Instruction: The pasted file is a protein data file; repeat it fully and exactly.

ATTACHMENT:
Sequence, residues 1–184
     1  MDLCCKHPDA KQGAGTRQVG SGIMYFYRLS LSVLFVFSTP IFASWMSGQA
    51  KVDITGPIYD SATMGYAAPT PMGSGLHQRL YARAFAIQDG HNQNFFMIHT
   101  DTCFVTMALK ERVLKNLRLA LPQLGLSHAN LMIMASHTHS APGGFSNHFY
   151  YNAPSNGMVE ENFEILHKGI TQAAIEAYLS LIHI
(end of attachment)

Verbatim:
Sequence, residues 1–184
     1  MDLCCKHPDA KQGAGTRQVG SGIMYFYRLS LSVLFVFSTP IFASWMSGQA
    51  KVDITGPIYD SATMGYAAPT PMGSGLHQRL YARAFAIQDG HNQNFFMIHT
   101  DTCFVTMALK ERVLKNLRLA LPQLGLSHAN LMIMASHTHS APGGFSNHFY
   151  YNAPSNGMVE ENFEILHKGI TQAAIEAYLS LIHI